This leads into the next biggest issue I have with Animal Kingdom after the “style over substance” qualm, which is that the park lacks balance in its attractions. Despite its best efforts with the “Nahtazu” campaign, many of its attractions are not all that dissimilar to a well-done zoo. If a large percentage of the attractions really weren’t zoo-like, Disney wouldn’t have had to utilize the Nahtazu campaign at all. The slate of attractions could speak for itself, and there would be a clear divide between it and a zoo in the minds of guests. Running that marketing campaign is an implicit concession that a problem exists, and needs marketing to “fix” a supposedly mistaken perception among the public. The best way to fix any perception is by fixing the substance, rather than deeming the perception “mistaken” and using marketing to make your case.
Granted, attractions like Flights of Wonder and Kilimanjaro Safaris are well done “edutainment,” as they package the natural world into well-themed attractions to give guests the best of both worlds, but I believe the rest flounders from the perspective of themed entertainment because most attractions are simple ‘walk around looking at animal exhibits.’ These walking exhibits would be fine in a park with a fleshed out number of “real” attractions, but not at Animal Kingdom as it presently exits. Many of these exhibits are indistinguishable from what you’d find in a plain ole zoo (hence the “Nahtazu” campaign). Contrast these exhibits with The Living Seas pavilion when it opened. The Living Seas pavilion took guests to a fictional seabase and really sold a story around which the animals were presented. It framed the whole experience incredibly well, and made it stand out as themed, yet educational, entertainment much more than the “walk around and see stuff” methodology of Animal Kingdom.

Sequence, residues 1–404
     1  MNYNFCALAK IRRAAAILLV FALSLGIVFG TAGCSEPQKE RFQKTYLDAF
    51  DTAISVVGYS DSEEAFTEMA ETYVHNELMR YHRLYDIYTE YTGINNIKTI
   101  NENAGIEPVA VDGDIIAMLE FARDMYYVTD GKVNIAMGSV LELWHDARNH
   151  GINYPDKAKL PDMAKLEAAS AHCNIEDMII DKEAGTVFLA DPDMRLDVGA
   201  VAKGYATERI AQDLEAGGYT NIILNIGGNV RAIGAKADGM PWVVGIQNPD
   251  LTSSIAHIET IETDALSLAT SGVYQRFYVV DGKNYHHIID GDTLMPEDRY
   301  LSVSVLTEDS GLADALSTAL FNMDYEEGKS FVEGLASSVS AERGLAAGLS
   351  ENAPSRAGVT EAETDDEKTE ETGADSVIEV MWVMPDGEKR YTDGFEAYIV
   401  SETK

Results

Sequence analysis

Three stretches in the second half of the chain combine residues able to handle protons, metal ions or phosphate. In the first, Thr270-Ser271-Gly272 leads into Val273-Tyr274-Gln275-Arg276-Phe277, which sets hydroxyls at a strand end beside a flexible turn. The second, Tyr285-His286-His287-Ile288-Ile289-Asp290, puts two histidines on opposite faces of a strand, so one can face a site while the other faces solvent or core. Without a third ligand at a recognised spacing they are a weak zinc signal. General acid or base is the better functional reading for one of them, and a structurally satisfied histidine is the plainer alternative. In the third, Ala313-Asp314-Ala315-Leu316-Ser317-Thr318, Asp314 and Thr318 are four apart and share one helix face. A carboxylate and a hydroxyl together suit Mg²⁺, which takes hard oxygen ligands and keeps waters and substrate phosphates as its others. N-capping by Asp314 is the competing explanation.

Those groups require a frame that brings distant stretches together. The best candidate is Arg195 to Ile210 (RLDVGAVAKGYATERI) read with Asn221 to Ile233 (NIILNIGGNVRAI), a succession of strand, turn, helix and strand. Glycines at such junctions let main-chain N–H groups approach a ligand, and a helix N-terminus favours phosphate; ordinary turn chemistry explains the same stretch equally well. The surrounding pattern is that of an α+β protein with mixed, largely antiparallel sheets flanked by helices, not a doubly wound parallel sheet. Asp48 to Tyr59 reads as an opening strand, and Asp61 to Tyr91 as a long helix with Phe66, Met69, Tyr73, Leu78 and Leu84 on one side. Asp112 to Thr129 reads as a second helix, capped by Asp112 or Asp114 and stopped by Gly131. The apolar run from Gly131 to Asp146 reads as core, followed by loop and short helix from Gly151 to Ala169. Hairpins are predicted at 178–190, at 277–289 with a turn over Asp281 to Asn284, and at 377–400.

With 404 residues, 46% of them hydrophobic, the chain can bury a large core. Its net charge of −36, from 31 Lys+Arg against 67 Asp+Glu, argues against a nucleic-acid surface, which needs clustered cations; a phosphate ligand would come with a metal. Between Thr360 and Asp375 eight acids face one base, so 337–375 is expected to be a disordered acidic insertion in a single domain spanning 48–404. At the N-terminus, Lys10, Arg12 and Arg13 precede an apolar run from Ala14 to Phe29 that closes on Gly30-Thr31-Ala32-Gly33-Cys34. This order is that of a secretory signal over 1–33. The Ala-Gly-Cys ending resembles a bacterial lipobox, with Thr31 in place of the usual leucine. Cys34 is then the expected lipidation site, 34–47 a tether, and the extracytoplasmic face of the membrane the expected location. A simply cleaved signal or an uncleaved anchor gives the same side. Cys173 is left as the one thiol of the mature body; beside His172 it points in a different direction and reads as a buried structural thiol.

This is not to say that the zoological attractions at Animal Kingdom are poorly done or don’t belong in the park. While I would prefer more theming to the exhibits, I would give them a pass as-is if the park had better balance. The issue is the over-abundance of these exhibits, especially in comparison to attractions traditionally found in theme parks. Animal Kingdom lacks any Omnimover attractions (or dark rides using more advanced ride systems), which I find bordering on absurd. Personally, I think Disney should have spent about half as much as it did on Everest and used the rest of the budget to add a couple more D ticket attractions to the park. Even if the Yeti worked, budgets are finite at Disney in this era (this isn’t Disney Theme Park Tycoon) and the Yeti is an AA that is only visible for a couple of seconds yet reportedly cost $25 million. Given the circumstances, that was a colossal waste of money. Introducing more traditional attractions in Animal Kingdom is admittedly a bit tricky–what interest would guests have in Audio Animatronics animals when the real thing is in the same park? The answer to this lies with the mythical and extinct creatures, I think…